Senate Majority Leader Chuck Schumer last week unveiled his timeline for debating a bill to legalize cannabis. His efforts, along with those of Democrat co-sponsors Sen. Cory Booker, of N.J., and Sen. Ron Wyden, of Ore., appear to be increasingly serious, despite the fact that the bill doesn’t have much chance of passing this session.
Republicans are mostly to blame for this, but there is a group of Democrats who are at least as responsible. That set includes some of the same people who have held up other, far-more-urgent legislation, such as action on climate change. Sen. Joe Manchin, of W.Va., who has turned himself into the most powerful figure in the evenly split Senate by obstructing his own party’s bills and often siding with Republicans, is against legalization. So are Sens. Maggie Hassan, of N.H., who is running for re-election, and Jeanne Shaheen, also of N.H.
Shaheen issued perhaps the most ludicrous quote of last week as it pertains to this issue when she told Bloomberg Government that she disfavors legalization because she’s “not interested in seeing another way for people to misuse illegal substances.”
It feels ridiculous to type this out, but: If we make something legal, it’s no longer illegal. That’s sort of the point.
Shaheen seems to occupy that space in the Democratic Party, populated mainly by its older members, who want to appear “enlightened” on the issue, but who can’t quite achieve the full Satori of legalization. Manchin, President Biden and several others share this odd space, where the most frightening thing in the world to them is that they might be perceived as going “too far” on cannabis and some other issues, like climate change.
Shaheen actually has a fairly decent record on cannabis: in 2018, she vehemently opposed former Trump Attorney General Jeff Sessions’ plans to crack down on the legal-weed business by rescinding Department of Justice rules from the Obama administration that forbade such actions. She accused Sessions of intending to “waste taxpayer dollars to pursue legal, non-lethal drug use and legally operating small businesses.”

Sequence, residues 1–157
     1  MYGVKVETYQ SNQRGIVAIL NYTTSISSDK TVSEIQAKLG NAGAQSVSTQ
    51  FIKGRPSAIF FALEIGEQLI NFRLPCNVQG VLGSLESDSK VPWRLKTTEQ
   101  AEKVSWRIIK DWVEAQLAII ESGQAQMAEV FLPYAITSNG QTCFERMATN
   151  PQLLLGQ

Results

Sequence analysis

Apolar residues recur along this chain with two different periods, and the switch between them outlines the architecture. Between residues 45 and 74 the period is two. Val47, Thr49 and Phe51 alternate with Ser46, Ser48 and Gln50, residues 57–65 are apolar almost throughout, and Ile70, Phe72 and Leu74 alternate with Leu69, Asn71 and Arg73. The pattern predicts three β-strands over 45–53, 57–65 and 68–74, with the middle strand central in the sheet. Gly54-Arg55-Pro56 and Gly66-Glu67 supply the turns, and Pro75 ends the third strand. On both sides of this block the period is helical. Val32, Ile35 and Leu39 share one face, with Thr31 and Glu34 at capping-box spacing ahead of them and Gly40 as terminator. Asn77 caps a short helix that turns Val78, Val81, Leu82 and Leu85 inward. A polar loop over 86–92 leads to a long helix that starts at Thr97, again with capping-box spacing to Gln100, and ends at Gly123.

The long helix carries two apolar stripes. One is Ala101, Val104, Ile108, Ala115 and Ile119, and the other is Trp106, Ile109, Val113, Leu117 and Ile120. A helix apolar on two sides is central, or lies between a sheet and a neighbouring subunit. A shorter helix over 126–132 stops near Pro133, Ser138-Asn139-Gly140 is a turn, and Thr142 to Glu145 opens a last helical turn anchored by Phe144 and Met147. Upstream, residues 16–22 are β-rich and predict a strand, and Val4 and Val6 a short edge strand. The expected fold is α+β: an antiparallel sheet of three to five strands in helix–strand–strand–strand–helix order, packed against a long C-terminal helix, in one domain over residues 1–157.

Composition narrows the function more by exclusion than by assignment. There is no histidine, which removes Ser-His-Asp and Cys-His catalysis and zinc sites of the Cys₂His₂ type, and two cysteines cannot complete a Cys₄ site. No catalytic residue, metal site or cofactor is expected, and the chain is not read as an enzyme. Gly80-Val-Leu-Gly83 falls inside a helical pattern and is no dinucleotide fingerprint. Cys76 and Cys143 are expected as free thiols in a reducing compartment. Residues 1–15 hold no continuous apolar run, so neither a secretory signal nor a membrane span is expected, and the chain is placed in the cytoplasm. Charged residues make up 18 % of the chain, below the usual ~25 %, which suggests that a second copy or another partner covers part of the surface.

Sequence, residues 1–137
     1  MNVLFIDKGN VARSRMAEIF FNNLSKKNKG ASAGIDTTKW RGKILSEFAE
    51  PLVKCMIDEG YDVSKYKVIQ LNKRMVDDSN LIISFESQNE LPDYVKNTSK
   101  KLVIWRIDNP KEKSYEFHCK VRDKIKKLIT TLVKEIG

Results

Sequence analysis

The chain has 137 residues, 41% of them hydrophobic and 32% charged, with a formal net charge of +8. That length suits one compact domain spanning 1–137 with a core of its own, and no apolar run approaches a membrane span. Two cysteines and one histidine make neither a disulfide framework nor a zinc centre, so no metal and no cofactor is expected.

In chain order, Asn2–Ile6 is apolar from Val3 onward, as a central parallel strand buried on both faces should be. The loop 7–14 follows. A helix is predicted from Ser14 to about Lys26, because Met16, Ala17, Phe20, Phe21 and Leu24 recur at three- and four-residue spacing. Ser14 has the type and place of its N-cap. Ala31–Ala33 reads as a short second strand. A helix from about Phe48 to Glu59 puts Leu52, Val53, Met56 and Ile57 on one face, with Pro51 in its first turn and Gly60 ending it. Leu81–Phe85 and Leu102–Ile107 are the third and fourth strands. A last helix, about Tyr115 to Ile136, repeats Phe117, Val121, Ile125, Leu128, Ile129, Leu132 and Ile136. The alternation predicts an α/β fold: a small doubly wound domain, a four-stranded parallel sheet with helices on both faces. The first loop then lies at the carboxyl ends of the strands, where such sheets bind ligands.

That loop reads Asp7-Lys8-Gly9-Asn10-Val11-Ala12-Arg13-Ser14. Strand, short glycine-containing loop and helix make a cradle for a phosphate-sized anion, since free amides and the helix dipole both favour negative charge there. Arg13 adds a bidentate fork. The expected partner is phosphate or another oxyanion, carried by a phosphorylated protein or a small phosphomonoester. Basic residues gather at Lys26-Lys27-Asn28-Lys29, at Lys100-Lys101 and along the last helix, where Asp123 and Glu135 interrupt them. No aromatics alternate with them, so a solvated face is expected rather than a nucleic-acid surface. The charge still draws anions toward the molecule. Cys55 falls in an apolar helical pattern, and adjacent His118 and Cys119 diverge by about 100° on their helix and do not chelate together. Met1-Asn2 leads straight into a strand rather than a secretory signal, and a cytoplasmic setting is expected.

But she stops short of wanting the federal government to recognize those small businesses as “legally operating.” According to the National Organization for the Reform of Marijuana Laws, Shaheen has supported or voted for a slew of pro-cannabis measures, including the SAFE Banking Act, which would protect banks from liability for dealing with legal-cannabis companies; various programs for veterans who use cannabis as medicine; and protecting medical-pot providers from prosecution. But, as Biden has done in the past, she has also characterized pot as a “gateway drug” and even said it is partly responsible for the opioid crisis.
Her New Hampshire colleague, Hassan, opposes legalization for some of the same reasons, despite her public declaration that she used cannabis in the past. As her state’s former governor, she vowed in 2014 to veto any legalization bill that hit her desk. Explaining her seeming hypocrisy on the issue, she said that “things are different now” than they were when she “tried” weed in her youth. Cannabis, she said, “is much more potent.”
Manchin doesn’t seem to really have any kind of ideology and seems driven mainly by obstructing Biden and blocking any legislation Democrats might push that is opposed by a majority of Republicans, especially by Senate Minority Leader Mitch McConnell. He generally seems loath to even talk about weed, but when he does, he, too, goes with the roundly discredited “gateway drug” theory. Opioid users, he has said, have told him that they started with weed. Never mind that only a minuscule number of people who use cannabis ever even try hard drugs, much less become addicted to them.
Thanks to these Democrats, and the filibuster rule—which they also oppose killing—legalization has almost zero chance of passing this session. The filibuster rule requires 60 votes for passage, and even with the Republicans who are on board, that number is elusive given the obstruction on the Democratic side.
But Schumer, Booker and Wyden are going full bore. Schumer said the bill will be introduced in April, and he hopes to have a vote by the end of the year. “As majority leader, I can set priorities,” he said last week. “This is a priority for me.”